Prize-winning content to inform development of a toolkit to share solutions with additional colleges and universities.
LOS ANGELES, September 10, 2020 — HeroX, the world’s leading platform for crowdsourced solutions and Base 11 today launched a prize competition, the “NIH Prize for Enhancing Faculty Gender Diversity” on behalf of the National Institutes of Health to improve gender diversity and equity among faculty in biomedical and behavioral fields in colleges and universities. Although there is a near equal number of male and female students in the biomedical science field and in medical schools, women are underrepresented in the faculty, particularly in the mid-career to senior-career positions and challenges remain in ensuring faculty members are treated in an equitable manner.
We are seeking to foster more inclusive and equitable environments in academia, said Janine A. Clayton, M.D., Director of the NIH Office of Research on Women’s Health, which is overseeing the competition. “Women generally experience greater challenges in their professional careers than their male counterparts. Colleges and universities must provide women faculty with the support required for them to reach their full potential. And of course, everyone will benefit from the knowledge, skills, and perspectives the women scientists will bring to the research enterprise.”
“This project will aggregate concrete, evidence-based practices from institutions of higher learning across the United States,” said Christian Cotichini, CEO of HeroX. “Crowdsourcing is especially powerful in situations like this, because we are able to learn from large research institutions and smaller, more specialized schools alike. This is an opportunity to study and borrow the creative and resourceful solutions being implemented across the country.”
“It’s imperative that research and teaching institutions recruit, retain, and promote women and people of color not only because it’s proven that diverse teams perform better, but because it’s the right thing to do,” said Ingrid Ellerbe, executive director of the nonprofit Base 11. “The Gender Diversity Prize offers an exciting opportunity to recognize and reward institutions that have been working toward gender equity and to widely share their programs and practices to further advance women in science.”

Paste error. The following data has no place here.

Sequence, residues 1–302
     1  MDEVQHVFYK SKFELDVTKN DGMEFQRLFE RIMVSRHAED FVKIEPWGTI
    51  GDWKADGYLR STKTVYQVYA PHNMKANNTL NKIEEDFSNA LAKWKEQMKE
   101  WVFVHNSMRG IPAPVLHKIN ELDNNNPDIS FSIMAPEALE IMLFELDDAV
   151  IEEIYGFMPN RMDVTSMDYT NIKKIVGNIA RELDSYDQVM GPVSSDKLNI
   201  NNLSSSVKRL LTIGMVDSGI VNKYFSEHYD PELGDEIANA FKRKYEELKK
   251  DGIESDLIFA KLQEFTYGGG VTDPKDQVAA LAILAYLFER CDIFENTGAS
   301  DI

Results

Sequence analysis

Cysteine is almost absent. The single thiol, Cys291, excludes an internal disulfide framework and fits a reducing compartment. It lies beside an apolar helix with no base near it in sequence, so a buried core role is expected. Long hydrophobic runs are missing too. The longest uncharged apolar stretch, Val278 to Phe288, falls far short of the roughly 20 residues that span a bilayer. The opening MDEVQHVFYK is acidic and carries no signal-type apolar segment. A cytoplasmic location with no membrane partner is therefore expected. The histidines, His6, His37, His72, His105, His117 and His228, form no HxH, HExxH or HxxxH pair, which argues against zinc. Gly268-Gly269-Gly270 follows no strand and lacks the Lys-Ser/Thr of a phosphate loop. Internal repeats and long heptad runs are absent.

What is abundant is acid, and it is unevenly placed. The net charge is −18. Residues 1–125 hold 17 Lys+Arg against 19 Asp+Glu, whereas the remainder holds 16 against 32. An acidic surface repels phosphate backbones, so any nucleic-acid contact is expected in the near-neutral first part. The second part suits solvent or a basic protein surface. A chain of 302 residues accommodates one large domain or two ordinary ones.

The Prize: Institutions from across the United States have the opportunity to be recognized in this prestigious prize competition by sharing successful approaches to improving gender diversity within their institution. The NIH will award up to 10 institutions with $50,000 each for a total of $500,000 in prizes.
There are a number of different approaches to enhancing diversity in academia. The ultimate goal of the NIH is to source a range of transformative structures, systems, projects, programs, and processes from around the globe. These best practices will then be consolidated into a toolkit that can be implemented by institutions seeking to improve female representation on their faculty.
How to Enter: The prize competition is limited to U.S.- based, accredited public or private non-profit academic institutions that grant baccalaureate or advanced degrees in biomedical, behavioral, or health sciences, as listed in the U.S. Department of Education database of accredited institutions and programs. To learn more about the prize, visit herox.com/GenderDiversityPrize.
HeroX is a social network for crowdsourcing innovation and human ingenuity, co-founded in 2013 by serial entrepreneur, Christian Cotichini and XPRIZE Founder and Futurist, Peter Diamandis. HeroX offers a turnkey, easy-to-use platform that supports anyone, anywhere, to solve everyday business and world challenges using the power of the crowd. Uniquely positioned as the Social Network for Innovation, HeroX is the only place you can build, grow and curate your very own crowd. Explore the latest challenges at www.herox.com
About Base 11
Base 11 is a nonprofit workforce development accelerator focused on solving the STEM talent pipeline crisis being fueled by the underrepresentation of women and minorities. Base 11 facilitates partnerships with industry, academia and philanthropy which deliver to employers a pre-recruitment pipeline of well-trained, highly skilled STEM talent. Through Next Frontier programs, facilities and events, Base 11 and its partners set students — and those returning to the workforce — on direct pathways to four-year STEM degrees, well paid STEM jobs, and the opportunity to launch their own STEM related business. For more information, please visit www.Base11.com. Base 11 is a DBA of the Center for Innovations in Education, a nonprofit 501(c) 3 – IRS exemption EIN# 26-4365936.
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